Staffing agencies that pay temporary nurses as contractors, issuing them 1099s instead of W-2 wage statements, may be putting the nursing homes who use them at increased legal risk.
That’s because evolving labor standards typically view temporarily deployed nurses and nurse aides as being jointly employed — entitling them to more protections under federal law by both their agency and the facility to which they’re assigned.
“Over the last couple of years, a new claim en vogue is to sue companies for their use of independent contractors on the theory that they label them as independent contractors, pay them like independent contractors but treat them like employees because of the amount of control they exercise over that individual,” explained Gerald Maatman Jr., partner and chair of the class action practice group at legal firm Duane Morris and a frequent defender of employment law claims.
Misclassification suits were bolstered by a National Labor Relations Board proposal last year that could make it easier for workers connected with staffing firms, franchises and other placement companies to both organize and sue as individuals.
Beyond potentially strengthening union bargaining rights, joint employment status is important because corporations that co-employ can both be sued over working conditions, pay and protections.
Employees, for instance, should receive benefits and overtime and have any required taxes withheld. But many nursing home providers using agency may not realize that they should view nurses placed in their buildings as employees, experts told McKnight’s Long-Term Care News. Even fewer may know whether those temporary workers’ Social Security and payroll taxes are being withheld.
Nursing homes might assume an agency is going to take all of the risk, said IntelyCare CEO and co-founder David Coppins, but there’s growing proof that that is not always the case. Increasingly, nurses who find out that they were entitled to more protections are using the courts to go after not just the agencies but the agencies’ clients, including nursing homes.
“The agency that supplies [nurses] might even have done it so well that they are absolved of employment liability, but the facility they end up working for isn’t,” Coppins said. “If they’re under their supervision, if they’re told when they can come and when they can go and so on, then they fail a couple of the [co-employment] tests.”
Coppins’ agency issues workers W-2s and classifies them as employees, meaning IntelyCare must deduct Social Security, or FICA taxes, and other required payroll taxes for nurses they place. The W-2 employer also contributes half the 15% FICA tax.
Temps who work as independent contractors and have their wages reported on a 1099 form will instead be obligated to pay a similar 15% self-employment tax out of their own pockets. If they owe payroll taxes, they’ll also be on the hook for those come tax season.
Coppins estimated the split between agencies classifying temporary nurses as contractor vs. employees is about 70% to 30%, with the latter growing as new agencies rushed in to fill a void during COVID-19.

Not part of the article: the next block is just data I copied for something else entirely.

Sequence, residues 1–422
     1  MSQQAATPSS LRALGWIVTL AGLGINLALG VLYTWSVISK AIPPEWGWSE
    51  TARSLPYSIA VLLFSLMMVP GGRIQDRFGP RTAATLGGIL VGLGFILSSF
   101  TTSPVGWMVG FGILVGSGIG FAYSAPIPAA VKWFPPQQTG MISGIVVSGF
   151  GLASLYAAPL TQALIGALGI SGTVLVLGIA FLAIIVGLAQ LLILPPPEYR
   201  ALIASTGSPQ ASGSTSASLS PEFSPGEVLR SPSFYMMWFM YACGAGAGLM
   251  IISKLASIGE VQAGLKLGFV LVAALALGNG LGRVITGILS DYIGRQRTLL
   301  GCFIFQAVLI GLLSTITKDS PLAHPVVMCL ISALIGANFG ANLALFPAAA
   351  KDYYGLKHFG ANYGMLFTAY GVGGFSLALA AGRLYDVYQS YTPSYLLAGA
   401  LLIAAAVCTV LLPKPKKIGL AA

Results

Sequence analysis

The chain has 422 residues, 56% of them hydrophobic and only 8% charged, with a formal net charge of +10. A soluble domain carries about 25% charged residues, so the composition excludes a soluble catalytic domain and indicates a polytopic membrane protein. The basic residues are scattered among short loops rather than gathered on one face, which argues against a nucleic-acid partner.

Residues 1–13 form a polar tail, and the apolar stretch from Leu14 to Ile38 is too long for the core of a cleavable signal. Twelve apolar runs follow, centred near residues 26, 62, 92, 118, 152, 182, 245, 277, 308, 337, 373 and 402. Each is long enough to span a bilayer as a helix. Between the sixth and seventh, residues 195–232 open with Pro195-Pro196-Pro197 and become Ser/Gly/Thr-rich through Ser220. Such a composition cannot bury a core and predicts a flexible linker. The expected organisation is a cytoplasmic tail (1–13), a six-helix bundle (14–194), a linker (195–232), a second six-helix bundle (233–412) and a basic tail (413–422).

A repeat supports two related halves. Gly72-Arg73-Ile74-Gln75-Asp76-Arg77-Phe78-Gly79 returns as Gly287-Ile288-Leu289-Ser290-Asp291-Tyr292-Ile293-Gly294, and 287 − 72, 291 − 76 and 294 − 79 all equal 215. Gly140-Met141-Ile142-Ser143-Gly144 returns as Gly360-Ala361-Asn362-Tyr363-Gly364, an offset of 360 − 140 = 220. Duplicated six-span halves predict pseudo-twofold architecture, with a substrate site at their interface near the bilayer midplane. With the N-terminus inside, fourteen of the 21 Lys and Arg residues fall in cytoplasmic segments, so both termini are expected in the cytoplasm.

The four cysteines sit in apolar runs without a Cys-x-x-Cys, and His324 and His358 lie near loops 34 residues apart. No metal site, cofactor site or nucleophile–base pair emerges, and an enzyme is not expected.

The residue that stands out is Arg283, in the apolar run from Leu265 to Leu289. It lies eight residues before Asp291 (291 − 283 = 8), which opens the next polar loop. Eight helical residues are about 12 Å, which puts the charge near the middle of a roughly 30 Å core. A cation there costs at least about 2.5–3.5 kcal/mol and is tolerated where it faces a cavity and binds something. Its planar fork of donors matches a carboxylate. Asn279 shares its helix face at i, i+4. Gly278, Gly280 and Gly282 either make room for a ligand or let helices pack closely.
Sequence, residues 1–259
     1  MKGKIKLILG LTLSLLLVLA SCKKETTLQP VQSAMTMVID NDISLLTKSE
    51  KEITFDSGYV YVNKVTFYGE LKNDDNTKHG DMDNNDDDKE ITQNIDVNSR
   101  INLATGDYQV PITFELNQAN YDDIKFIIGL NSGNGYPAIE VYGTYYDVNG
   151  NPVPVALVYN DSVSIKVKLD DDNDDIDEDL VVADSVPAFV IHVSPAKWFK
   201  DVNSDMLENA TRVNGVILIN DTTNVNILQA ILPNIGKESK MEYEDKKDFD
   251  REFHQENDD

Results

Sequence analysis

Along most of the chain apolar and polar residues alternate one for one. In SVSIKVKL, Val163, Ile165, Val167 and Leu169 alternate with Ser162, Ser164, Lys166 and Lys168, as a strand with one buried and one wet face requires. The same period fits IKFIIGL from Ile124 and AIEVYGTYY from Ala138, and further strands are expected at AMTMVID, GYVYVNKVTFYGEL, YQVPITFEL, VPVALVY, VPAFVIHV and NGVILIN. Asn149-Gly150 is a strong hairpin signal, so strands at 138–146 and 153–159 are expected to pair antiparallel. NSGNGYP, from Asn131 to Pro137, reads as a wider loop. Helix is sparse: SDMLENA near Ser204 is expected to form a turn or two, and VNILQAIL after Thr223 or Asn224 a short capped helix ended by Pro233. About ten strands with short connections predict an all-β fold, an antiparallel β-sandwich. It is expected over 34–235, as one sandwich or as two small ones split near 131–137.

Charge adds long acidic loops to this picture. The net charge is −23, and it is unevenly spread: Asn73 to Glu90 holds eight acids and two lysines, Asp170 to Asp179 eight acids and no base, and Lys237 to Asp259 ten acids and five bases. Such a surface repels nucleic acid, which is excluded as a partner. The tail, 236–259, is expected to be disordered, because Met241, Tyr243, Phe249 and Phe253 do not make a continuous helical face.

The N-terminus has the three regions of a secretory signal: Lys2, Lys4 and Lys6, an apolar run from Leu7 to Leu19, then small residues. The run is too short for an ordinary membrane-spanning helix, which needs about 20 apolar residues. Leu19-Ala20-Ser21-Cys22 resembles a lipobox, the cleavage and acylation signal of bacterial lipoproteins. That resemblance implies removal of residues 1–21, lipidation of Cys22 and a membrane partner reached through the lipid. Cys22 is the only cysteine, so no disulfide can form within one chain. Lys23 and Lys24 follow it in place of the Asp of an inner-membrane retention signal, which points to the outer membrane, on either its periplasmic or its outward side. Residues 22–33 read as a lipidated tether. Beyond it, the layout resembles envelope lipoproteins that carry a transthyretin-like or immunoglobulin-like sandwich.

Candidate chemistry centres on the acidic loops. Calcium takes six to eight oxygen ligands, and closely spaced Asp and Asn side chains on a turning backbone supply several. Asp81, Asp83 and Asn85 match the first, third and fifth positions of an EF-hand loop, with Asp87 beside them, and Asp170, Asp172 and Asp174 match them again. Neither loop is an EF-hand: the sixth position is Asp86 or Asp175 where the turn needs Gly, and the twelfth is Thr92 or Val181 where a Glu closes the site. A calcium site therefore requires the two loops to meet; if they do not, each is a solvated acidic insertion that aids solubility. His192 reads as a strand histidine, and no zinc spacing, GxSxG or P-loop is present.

“It was only during the pandemic that people got so desperate that people needed help from any place they could get. That’s what opened up the floodgates for 1099s to come through,” Coppins said.
“It’s going to be a huge eye-opener again this year because of the massive growth in the 1099s,” he added. “Every year, you see social media crawling with, ‘Oh my gosh, I can’t believe how much I owe. How am I going to pay this? They never told me!’”
Open dialogue with the agency
Maatman said tax season, workers’ financial needs and word-of-mouth about other successful lawsuits have all helped fuel more legal action brought by temporary workers against staffing agencies and facilities.
Last September, he wrote an issue paper on misclassification for the American Staffing Association, outlining major concerns and implications for both agencies and healthcare facilities that use them. It included a sample letter that agencies can give their clients, warning that some “online or app-based platforms” may not classify their workers as employees.
“The danger is that while the workers may be independent contractors with respect to the platform … you could be on the hook for the payroll taxes and other employee-related costs,” the paper warned.
Using the contractor model requires less overhead for agencies; they can pass the money they save on to the nurses they recruit, making them more competitive in especially tight labor markets.
But it can be hard to know which agencies use which classification and tax forms. Providers should ask up front. Depending on whether they think they’ll be protected from legal liability or not, they may want to look up alternate agencies staffing in their area.
“You have to have a dialogue. You need to kick the tires and do your due diligence,” Maatman said. “I don’t want to get into a worse situation and have overtime and pension problems and be sued as a joint employer because I thought I was getting a 1099 temp and instead I was getting a W-2.”